Updated: October 25, 2017 8:17:55 am
A play that was once banned, a performance in which a story is recounted using body movements instead of words and a presentation by a community of artistes from a small village of Karnataka who aim to promote their native language through arts — are some of the highlights of the International Association for Performing Arts and Research (IAPAR)’s International Theatre Festival, beginning November 1.
The 12-day theatre festival is in its second edition and will feature 14 productions by artistes from Argentina, Bangladesh, Germany, Korea, Sri Lanka, Turkey and India; each act as unique as the country it comes from.
From the National School of Drama (NSD) repertory comes a wide variety of plays, including Waman Kendre’s Ghazab Teri Adaa, a farcical drama on the role of women in war and peace, the iconic Marathi play Ghasiram Kotwal by Vijay Tendulkar and a contemporary presentation Taj Mahal ka Tender, which explores the possibility of emperor Shah Jahan ordering the construction of the Taj Mahal in this era and getting stuck in red tape.
Ninasam Thirugatta, a cultural organisation from a village in Karnataka, which has been familiarising its locals with classics, including the works of Shakespeare and Kalidasa, will also be performing at the festival.
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Dr Ajay Joshi, one of the organisers, said, “The aim is to create an audience for a kind of theatre, which includes a huge array of performances from various disciplines, and move away from the usual scripted plays that have become a norm.”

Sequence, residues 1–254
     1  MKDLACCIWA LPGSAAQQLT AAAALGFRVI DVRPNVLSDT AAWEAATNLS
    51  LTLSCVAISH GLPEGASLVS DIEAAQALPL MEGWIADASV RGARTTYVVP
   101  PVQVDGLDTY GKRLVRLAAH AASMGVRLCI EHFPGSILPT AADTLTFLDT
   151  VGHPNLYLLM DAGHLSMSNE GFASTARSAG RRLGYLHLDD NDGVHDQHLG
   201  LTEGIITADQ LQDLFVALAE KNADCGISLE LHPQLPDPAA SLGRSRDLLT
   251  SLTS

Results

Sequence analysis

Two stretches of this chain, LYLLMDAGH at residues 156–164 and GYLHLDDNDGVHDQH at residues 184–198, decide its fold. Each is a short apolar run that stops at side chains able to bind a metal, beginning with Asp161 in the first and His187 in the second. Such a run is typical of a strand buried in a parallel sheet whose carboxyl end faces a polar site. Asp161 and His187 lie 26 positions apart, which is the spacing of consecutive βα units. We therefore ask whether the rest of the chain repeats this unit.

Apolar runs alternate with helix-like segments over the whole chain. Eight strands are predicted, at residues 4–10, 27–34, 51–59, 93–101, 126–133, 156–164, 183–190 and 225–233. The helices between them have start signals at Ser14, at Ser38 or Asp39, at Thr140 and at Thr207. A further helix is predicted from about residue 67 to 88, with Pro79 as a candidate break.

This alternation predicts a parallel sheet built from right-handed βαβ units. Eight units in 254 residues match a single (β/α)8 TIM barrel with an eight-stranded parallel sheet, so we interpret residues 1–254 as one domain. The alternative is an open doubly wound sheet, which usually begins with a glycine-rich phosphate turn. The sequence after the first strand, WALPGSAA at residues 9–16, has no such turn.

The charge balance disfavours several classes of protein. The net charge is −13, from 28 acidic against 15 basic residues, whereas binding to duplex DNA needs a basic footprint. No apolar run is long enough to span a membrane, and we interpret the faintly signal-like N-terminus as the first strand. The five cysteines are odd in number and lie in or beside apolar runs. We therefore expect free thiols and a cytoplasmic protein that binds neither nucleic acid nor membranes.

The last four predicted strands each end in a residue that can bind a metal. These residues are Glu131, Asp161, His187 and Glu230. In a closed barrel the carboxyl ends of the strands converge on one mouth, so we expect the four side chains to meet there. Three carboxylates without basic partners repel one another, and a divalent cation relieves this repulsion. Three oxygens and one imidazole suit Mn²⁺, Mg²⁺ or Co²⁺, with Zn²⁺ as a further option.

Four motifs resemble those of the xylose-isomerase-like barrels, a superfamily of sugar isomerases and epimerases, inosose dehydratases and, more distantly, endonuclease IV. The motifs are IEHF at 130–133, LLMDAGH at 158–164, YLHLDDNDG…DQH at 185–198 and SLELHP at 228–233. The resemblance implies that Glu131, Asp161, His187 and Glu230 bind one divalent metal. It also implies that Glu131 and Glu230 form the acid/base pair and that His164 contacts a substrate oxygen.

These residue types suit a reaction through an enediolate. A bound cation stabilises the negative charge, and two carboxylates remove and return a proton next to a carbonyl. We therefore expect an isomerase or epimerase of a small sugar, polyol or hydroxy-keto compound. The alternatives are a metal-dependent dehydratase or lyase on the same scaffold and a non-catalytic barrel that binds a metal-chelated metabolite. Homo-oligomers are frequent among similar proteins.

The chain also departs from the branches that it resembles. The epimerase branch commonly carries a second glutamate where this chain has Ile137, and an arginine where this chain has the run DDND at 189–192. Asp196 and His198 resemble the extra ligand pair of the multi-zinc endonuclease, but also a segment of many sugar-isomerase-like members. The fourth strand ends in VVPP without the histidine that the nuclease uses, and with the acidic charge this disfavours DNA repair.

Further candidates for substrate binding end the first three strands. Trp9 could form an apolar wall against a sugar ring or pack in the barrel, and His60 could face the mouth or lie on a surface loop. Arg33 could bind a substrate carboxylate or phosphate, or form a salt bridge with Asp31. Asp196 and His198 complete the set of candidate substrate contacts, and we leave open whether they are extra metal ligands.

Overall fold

The venues for the festival are Namdev Sabhagruha at Savitribai Phule Pune University and Jyotsna Bhole Sabhagruha at the MCC.
In addition to perfromances by Indian theatre groups and artistes, international artistes of the Theatrical Company ENSEMBLE from Korea, Internationales Berliner Drama Theatre and Inter Act Art from Sri Lanka, among others, will also be perform.
At least 10 workshops, covering diverse aspects of theatre — body balance, the Laban Voice Technique, physical acting and the Hungarian Lecoq Technique — and master-classes by eminent theatre personalities from 10 countries will also be held as part of the festival. According to Joshi, “In keeping with its ‘research’ tag, IAPAR has planned a student exchange programme in association with three national universities, wherein these students would be invited to be a part of, and study, performances during the festival.”
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